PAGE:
• Question: What treatment do you think is the most effective for mental health issues?

    Asked by chloe to Rob, Olly, Nicola, Jasmin, Dennis, Caroline on 12 Jun 2019. This question was also asked by callum, Casey.xx, Molly., beep353can.
    • Photo: Robert Dempsey

      Robert Dempsey answered on 12 Jun 2019:


      I think it depends on the individual and their experiences. Some people respond really well to medication as it helps to take the edge off their symptoms and helps them to function, other people find that meds have too many side-effects and make them feel worse or simply make them feel numb (I know many people with bipolar talk about how meds make them feel really flat). Similarly, I know some people who had a lot of benefit from psychological therapies like CBT… others have had really poor experiences. There is evidence to suggest that CBT tends to work better with people who aren’t experiencing very severe symptoms or who have recently been diagnosed with a condition. I used to be very anti-medication but I’ve softened my views as many people living with severe conditions have told me how useful their meds have been to help them manage day-to-day. Ultimately, I think we have to do what’s best for the individual and note that not all therapies work as well for everyone.

    • Photo: Dennis Relojo-Howell

      Dennis Relojo-Howell answered on 12 Jun 2019:


      Hi Chloe. It depends on the nature of the mental health and also on the person himself. Treatments can be either somatic (involve drugs) or psychotherapeutic (talking therapy). I prefer the latter.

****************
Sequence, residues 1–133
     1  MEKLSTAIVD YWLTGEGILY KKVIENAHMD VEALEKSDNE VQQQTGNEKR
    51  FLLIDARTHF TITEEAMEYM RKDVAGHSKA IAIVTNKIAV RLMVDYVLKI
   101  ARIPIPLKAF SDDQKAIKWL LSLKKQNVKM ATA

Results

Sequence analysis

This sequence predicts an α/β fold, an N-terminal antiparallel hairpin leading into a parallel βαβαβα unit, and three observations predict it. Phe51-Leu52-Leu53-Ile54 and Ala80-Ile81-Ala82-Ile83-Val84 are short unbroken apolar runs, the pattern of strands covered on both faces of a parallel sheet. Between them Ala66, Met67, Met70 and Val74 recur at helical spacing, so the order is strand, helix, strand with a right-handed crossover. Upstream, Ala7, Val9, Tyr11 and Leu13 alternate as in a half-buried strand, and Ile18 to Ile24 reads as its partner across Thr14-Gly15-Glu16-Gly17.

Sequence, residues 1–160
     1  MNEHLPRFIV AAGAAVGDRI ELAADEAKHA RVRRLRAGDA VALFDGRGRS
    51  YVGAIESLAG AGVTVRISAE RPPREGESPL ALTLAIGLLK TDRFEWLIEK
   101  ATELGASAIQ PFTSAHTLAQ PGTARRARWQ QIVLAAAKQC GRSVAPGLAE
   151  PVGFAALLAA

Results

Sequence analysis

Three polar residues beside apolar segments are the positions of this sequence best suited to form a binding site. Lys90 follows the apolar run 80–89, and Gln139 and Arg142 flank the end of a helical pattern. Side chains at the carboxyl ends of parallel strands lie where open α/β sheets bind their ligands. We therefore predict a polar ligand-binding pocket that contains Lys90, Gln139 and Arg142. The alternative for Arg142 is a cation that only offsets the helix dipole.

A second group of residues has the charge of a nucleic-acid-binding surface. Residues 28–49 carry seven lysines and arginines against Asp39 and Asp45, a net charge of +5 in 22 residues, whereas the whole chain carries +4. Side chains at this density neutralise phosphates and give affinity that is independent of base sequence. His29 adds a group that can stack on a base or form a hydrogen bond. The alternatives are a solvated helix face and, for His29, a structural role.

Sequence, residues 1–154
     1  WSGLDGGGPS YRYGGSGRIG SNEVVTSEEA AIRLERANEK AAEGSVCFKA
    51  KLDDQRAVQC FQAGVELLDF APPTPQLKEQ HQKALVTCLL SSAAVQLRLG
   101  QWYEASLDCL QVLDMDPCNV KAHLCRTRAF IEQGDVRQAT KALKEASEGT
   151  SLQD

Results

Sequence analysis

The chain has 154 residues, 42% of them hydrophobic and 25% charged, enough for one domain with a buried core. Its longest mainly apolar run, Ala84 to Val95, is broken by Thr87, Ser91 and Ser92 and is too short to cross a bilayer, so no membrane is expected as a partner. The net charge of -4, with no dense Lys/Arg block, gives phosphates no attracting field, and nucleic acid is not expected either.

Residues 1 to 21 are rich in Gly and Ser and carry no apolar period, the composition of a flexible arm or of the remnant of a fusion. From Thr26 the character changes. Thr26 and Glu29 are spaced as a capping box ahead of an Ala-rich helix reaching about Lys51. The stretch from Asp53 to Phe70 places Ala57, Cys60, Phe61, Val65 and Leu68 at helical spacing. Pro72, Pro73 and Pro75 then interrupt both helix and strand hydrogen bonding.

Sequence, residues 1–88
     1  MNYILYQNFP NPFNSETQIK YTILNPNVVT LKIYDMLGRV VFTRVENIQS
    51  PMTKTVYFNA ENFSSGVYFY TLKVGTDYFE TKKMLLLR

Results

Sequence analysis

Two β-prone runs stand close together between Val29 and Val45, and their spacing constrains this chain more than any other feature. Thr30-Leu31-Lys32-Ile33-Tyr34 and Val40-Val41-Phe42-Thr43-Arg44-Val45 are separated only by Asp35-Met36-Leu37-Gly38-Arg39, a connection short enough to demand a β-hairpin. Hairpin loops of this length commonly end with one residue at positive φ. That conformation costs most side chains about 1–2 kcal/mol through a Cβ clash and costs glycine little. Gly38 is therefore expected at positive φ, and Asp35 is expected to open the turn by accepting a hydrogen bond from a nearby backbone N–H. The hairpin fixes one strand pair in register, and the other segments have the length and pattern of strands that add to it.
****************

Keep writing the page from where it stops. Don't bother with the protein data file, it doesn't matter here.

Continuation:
• Photo: Caroline Brett

      Caroline Brett answered on 12 Jun 2019:


      It really depends on the condition, the symptoms, and the person themselves. The best treatment is tailored to the individual and their own experiences, thoughts, and feelings.

    • Photo: Oliver Clabburn

      Oliver Clabburn answered on 13 Jun 2019:


      I think that treatments are really individual. Not just for the mental health issue, but for the individual person too. For example, one treatment for a MH issue might be a certain type of medication. While it might work for the majority of people, there may be some people it doesn’t work for at all. As such, another treatment/medication that doesn’t work for the majority of people, may work for this individual!

      Effective treatments are therefore any/whatever that works for the individual.

    • Photo: Jasmin Moon

      Jasmin Moon answered on 13 Jun 2019:


      As the others have said, it really depends on the person!
      With physical health treatments are a bit more predictable (for example if you have type 1 diabetes you will likely be taking insulin), but with mental health we seem to vary a bit more in how we respond to different treatments.
      Medication definitely has it’s place and can be helpful for lots of people but it can be seen as masking the symptoms and not really addressing the problem. Therefore, I think talking therapies (counselling etc.) should also be offered alongside medication.

    • Photo: Nicola Johnstone

      Nicola Johnstone answered on 13 Jun 2019:


      This defiantly varies from person to person. Luckily the nature of psychological care in the UK uses a stepped approach that allows different treatments to be tried out to find the best for the patient.

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